Texan: What’s your name?
Pee Wee: I don’t remember.
Texan: Where are you from?
Pee Wee: I don’t remember.
Texan: Do you remember anything?
Pee Wee: I remember…the Alamo.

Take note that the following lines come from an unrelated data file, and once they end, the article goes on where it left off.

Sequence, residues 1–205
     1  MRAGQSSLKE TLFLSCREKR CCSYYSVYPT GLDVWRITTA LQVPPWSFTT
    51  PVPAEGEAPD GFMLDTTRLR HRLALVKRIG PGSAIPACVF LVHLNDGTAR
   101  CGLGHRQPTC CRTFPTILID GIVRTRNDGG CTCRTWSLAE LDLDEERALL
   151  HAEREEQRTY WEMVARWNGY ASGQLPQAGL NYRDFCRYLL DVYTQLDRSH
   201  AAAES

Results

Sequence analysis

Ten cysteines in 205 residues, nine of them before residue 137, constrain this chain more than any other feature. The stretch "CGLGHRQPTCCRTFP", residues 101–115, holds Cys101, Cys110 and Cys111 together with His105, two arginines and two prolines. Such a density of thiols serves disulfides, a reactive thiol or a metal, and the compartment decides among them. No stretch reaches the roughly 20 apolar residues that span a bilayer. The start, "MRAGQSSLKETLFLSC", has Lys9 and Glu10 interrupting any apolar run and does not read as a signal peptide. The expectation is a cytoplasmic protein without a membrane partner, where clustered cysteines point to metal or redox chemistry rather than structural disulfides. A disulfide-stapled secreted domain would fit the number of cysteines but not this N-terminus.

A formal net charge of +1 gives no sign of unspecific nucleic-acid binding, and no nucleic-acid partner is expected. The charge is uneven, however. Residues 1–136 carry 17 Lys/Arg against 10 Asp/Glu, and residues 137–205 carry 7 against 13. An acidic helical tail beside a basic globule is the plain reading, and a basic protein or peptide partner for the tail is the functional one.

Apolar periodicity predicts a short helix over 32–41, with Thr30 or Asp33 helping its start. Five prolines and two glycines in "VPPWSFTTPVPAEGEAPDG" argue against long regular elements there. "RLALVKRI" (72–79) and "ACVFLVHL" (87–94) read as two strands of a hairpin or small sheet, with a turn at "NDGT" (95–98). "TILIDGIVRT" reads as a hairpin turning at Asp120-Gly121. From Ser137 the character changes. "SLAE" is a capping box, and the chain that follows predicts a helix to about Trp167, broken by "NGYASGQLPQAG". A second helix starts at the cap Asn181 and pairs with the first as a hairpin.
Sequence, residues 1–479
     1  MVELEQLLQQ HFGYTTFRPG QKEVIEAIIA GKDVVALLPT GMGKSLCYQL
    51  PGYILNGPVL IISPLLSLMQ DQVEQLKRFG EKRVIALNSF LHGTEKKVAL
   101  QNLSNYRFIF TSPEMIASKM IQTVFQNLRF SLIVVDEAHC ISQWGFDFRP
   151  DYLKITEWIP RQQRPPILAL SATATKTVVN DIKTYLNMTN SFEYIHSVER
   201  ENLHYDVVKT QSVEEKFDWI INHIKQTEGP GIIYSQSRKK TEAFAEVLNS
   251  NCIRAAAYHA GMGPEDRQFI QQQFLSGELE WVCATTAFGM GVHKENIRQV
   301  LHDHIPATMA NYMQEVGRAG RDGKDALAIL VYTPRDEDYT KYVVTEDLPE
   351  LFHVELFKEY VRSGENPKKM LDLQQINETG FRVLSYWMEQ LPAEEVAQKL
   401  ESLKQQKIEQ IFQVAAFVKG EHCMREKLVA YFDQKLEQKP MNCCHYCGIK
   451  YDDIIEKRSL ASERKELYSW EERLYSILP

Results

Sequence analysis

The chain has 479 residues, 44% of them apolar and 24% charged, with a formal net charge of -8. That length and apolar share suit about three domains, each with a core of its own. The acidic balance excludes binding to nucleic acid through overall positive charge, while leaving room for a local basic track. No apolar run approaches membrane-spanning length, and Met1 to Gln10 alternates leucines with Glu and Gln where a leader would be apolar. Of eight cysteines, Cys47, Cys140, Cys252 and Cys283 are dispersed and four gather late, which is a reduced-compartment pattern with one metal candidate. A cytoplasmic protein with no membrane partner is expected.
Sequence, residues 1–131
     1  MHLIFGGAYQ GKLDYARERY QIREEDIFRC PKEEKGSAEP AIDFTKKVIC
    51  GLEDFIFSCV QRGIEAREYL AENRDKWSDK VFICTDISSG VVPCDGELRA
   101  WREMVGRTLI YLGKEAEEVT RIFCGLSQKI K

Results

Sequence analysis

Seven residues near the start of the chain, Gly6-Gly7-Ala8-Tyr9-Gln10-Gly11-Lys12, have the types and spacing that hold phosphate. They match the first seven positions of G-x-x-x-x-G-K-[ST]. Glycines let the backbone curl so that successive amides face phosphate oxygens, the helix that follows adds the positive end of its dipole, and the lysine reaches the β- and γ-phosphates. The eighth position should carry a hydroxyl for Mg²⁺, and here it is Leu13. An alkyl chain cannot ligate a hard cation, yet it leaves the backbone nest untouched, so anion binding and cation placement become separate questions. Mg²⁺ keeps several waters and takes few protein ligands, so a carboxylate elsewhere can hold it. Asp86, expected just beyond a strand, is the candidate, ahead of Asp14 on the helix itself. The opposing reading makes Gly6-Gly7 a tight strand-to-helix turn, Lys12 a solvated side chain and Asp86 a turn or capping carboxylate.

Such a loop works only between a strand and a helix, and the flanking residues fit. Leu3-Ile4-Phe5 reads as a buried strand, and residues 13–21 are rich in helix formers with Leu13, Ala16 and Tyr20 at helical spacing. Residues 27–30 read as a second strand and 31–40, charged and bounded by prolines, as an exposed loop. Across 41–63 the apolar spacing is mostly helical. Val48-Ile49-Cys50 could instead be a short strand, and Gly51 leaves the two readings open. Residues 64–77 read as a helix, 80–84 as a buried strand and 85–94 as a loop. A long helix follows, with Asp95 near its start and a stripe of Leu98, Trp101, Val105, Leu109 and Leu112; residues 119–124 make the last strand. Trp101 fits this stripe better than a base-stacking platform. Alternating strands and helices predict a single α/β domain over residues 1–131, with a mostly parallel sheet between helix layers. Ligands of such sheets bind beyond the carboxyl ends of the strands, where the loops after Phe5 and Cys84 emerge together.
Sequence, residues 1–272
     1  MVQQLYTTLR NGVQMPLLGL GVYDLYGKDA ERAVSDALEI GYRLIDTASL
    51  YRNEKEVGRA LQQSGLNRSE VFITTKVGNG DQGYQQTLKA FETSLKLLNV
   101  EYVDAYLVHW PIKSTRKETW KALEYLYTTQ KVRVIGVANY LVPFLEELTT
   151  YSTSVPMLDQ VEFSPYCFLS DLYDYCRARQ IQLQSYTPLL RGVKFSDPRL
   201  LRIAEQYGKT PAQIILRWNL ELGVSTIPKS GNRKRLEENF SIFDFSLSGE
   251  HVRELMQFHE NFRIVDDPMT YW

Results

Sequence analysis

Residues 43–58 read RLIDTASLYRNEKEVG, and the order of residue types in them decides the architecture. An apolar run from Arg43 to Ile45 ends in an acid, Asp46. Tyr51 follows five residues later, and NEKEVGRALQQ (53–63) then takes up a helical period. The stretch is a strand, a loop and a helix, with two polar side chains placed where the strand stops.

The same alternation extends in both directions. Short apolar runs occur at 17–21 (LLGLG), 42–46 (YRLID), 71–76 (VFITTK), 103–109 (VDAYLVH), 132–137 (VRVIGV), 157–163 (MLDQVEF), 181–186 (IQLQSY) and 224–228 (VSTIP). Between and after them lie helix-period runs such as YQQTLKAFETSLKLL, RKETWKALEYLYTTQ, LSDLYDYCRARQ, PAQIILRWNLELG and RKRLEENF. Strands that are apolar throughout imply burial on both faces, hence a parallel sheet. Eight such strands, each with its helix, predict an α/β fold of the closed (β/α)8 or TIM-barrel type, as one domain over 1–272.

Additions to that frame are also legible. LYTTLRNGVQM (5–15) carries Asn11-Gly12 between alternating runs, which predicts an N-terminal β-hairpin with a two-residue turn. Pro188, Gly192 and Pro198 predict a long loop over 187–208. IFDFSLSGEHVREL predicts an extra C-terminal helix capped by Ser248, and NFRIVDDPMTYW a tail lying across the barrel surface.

Pee-Wee’s Big Adventure has earned me plenty of strange looks in my time. In 1985, when it was released and I was ten, my family didn’t go to many movies. The only movies I can recall seeing around that time were Disney animated stuff and The Karate Kid. At home, the television wasn’t used much, so all I really watched was The A-Team or Knight Rider. I don’t think I discovered Pee-Wee until I discovered Tim Burton, which was when Mars Attacks! was released. Since I loved that movie so much, I quickly absorbed his other films. He is now one of my favorite directors, ranking right up there with Martin Scorsese, Quentin Tarantino, and Woody Allen. I saw Pee-Wee’s Big Adventure for the first time on the Disney Channel, and like every Tim Burton movie, it was love at first sight. When I told family and friends that I had just seen it, they gave me strange looks, like I had said I spent ninety minutes watching a chimpanzee pick his nose. I think some of the strangest responses came from members of this site, when I mentioned that I was looking forward to the Pee-Wee’s Big Adventure DVD with more anticipation than any other more “deserving” film, such as Braveheart. My only concern was that Warner Brothers would mishandle it…